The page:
The Bear Lake Monster: A Mysterious Legend In Utah

Bear Lake Monster image courtesy of FunWearVm – Remember, descriptions vary and nothing is exact. This is only an imagined depiction of what this cryptid may look like.

The Bear Lake Monster is a mythical creature that is said to inhabit the waters of Bear Lake, a natural lake that spans the border between Utah and Idaho. The legend of the monster dates back to the 19th century, when Mormon settlers in the area reported seeing a huge serpent-like animal with legs and spikes along its back. Some even claimed that there were more than one of these monsters, and that they could swim faster than a locomotive. But is there any truth to these stories, or are they just folklore and imagination?

The origin of the legend

The first written account of the Bear Lake Monster was published in the Deseret News on July 31, 1868, by Joseph C. Rich, a Mormon colonizer and journalist who lived near the lake. He wrote that “the Indians have a tradition concerning a strange, serpent-like creature inhabiting the waters of Bear Lake” and that “a number of our white settlers declare they have seen it with their own eyes”. He then proceeded to describe several sightings of the creature by different witnesses, who gave varying descriptions of its appearance and size. Some said it had a head like a cow, otter, crocodile or walrus, while others said it had no head at all. Some said it was 40 to 50 feet long, while others said it was much smaller. Some said it had legs about 18 inches long, while others said it had none. Some said it had spikes along its spine, while others said it was smooth. Rich concluded his article by saying that “the monster question is becoming an exciting one” and that “we hope that some enterprising individual will soon be able to determine its shape, size, habits, tastes and propensities”.

Rich’s article sparked a lot of interest and curiosity among the public, especially in Salt Lake City, where many people believed that the monster was real and wanted to see it for themselves. The Deseret News continued to publish articles about the monster, sometimes skeptically and sometimes defensively, while other local newspapers mocked and ridiculed the stories. The legend also caught the attention of Brigham Young, the second president of The Church of Jesus Christ of Latter-day Saints, who visited the area on preaching tours and spoke with some of the locals who claimed to have seen the monster. He reportedly found their testimonies to be credible and sincere, but he did not fully endorse the existence of the creature. He suggested sending a rope to the lake to try to capture it and see what it was.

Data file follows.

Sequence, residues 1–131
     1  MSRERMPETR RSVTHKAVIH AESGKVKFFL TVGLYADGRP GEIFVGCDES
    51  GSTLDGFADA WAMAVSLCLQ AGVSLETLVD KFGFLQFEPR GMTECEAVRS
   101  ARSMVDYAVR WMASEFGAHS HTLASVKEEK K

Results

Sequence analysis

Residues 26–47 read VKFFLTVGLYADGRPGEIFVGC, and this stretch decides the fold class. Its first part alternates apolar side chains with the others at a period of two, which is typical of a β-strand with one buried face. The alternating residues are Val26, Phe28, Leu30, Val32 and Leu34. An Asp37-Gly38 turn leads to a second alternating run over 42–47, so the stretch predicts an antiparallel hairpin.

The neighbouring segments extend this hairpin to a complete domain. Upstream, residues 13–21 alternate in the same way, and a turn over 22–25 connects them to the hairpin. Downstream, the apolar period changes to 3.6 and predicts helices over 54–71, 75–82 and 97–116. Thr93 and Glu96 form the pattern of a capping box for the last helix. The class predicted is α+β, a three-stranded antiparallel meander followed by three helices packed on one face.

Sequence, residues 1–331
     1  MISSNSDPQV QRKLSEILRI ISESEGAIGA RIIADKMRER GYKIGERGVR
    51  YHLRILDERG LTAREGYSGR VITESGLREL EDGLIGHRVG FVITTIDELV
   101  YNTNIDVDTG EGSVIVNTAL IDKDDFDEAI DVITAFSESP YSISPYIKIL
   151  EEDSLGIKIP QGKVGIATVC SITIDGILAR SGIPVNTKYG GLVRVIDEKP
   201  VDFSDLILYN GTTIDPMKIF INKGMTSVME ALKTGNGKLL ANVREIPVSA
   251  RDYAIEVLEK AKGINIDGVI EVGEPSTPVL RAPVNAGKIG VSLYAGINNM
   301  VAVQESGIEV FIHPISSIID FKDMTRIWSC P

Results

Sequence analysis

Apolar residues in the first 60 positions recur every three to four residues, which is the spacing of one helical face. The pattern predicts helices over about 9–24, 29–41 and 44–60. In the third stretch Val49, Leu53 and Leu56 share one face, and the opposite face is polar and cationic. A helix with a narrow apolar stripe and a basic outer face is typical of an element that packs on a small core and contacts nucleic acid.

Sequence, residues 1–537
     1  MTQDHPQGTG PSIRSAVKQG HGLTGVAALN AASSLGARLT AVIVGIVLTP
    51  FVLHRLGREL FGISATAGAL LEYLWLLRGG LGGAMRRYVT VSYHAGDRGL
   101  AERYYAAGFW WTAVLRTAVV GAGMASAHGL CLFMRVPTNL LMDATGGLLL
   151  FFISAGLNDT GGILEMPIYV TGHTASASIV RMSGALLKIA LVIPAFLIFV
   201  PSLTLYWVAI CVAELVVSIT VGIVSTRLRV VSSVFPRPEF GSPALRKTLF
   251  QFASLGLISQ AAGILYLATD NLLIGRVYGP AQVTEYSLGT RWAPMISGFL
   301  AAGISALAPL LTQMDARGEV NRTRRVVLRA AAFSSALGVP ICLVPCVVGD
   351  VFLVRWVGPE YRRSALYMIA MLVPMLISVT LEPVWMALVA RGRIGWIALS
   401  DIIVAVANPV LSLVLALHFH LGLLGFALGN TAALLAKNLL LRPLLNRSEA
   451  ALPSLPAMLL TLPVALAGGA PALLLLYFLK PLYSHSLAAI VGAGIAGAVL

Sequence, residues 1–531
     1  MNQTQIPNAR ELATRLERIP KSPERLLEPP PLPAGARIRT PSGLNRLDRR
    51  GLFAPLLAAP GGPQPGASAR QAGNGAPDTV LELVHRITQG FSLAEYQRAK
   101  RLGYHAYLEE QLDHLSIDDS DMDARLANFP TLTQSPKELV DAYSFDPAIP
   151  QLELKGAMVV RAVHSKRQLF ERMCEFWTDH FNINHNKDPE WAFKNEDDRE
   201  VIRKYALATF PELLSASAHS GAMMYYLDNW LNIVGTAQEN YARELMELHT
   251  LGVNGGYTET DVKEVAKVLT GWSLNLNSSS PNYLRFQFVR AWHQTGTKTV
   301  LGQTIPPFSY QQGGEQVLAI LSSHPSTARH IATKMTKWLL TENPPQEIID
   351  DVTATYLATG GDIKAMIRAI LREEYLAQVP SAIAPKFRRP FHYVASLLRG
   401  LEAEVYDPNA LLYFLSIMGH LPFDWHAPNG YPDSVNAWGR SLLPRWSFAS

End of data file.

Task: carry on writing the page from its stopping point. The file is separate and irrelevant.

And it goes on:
The legend also spread among the Native Americans who lived near the lake, who had their own traditions and stories about water spirits and monsters. Some of them believed that the monster was a manifestation of an evil spirit called Isabella, who had been banished to the lake by their ancestors for her wickedness. Others believed that the monster was a guardian of the lake who protected its resources and punished those who harmed them.

The decline and revival of the legend

The legend of the Bear Lake Monster reached its peak in popularity in the late 1860s and early 1870s, but then gradually faded away as no conclusive evidence or capture of the creature was ever reported. In 1874, Joseph C. Rich admitted that he had made up most of his stories about the monster as a joke and a hoax to attract attention and tourism to the area. He said that he was surprised by how seriously people took his articles and how far they spread. He apologized for his deception and said that he hoped that people would forgive him for his “youthful folly”.

However, Rich’s confession did not completely end the legend, as some people still believed that there was something mysterious in the lake, or at least enjoyed telling stories about it. Over the years, there have been occasional reports of sightings or encounters with the monster by locals or visitors, but none of them have been verified or documented. The last reported sighting was in 2002, when a man named Brian Hirschi claimed that he saw a large dark shape rise out of the water near his boat and splash back down.

The legend of the Bear Lake Monster has also been kept alive by various books, articles, documentaries, movies and TV shows that have featured or mentioned it. Some of them have portrayed it as a real animal that could be explained by science or cryptozoology, while others have portrayed it as a supernatural or mythical being that could be linked to folklore or religion.

Some have speculated that the monster could be a remnant of an ancient species, such as a plesiosaur or a mosasaur, that somehow survived in the lake. Others have suggested that it could be related to other lake monsters around the world, such as Nessie or Champ. Some have even proposed that it could be an optical illusion caused by waves, logs or other natural phenomena.

Whatever the truth may be, the legend of the Bear Lake Monster remains a fascinating part of Utah and Idaho folklore and culture. It has inspired books, movies, songs and festivals, and has become a tourist attraction for visitors who want to experience the mystery and beauty of Bear Lake.


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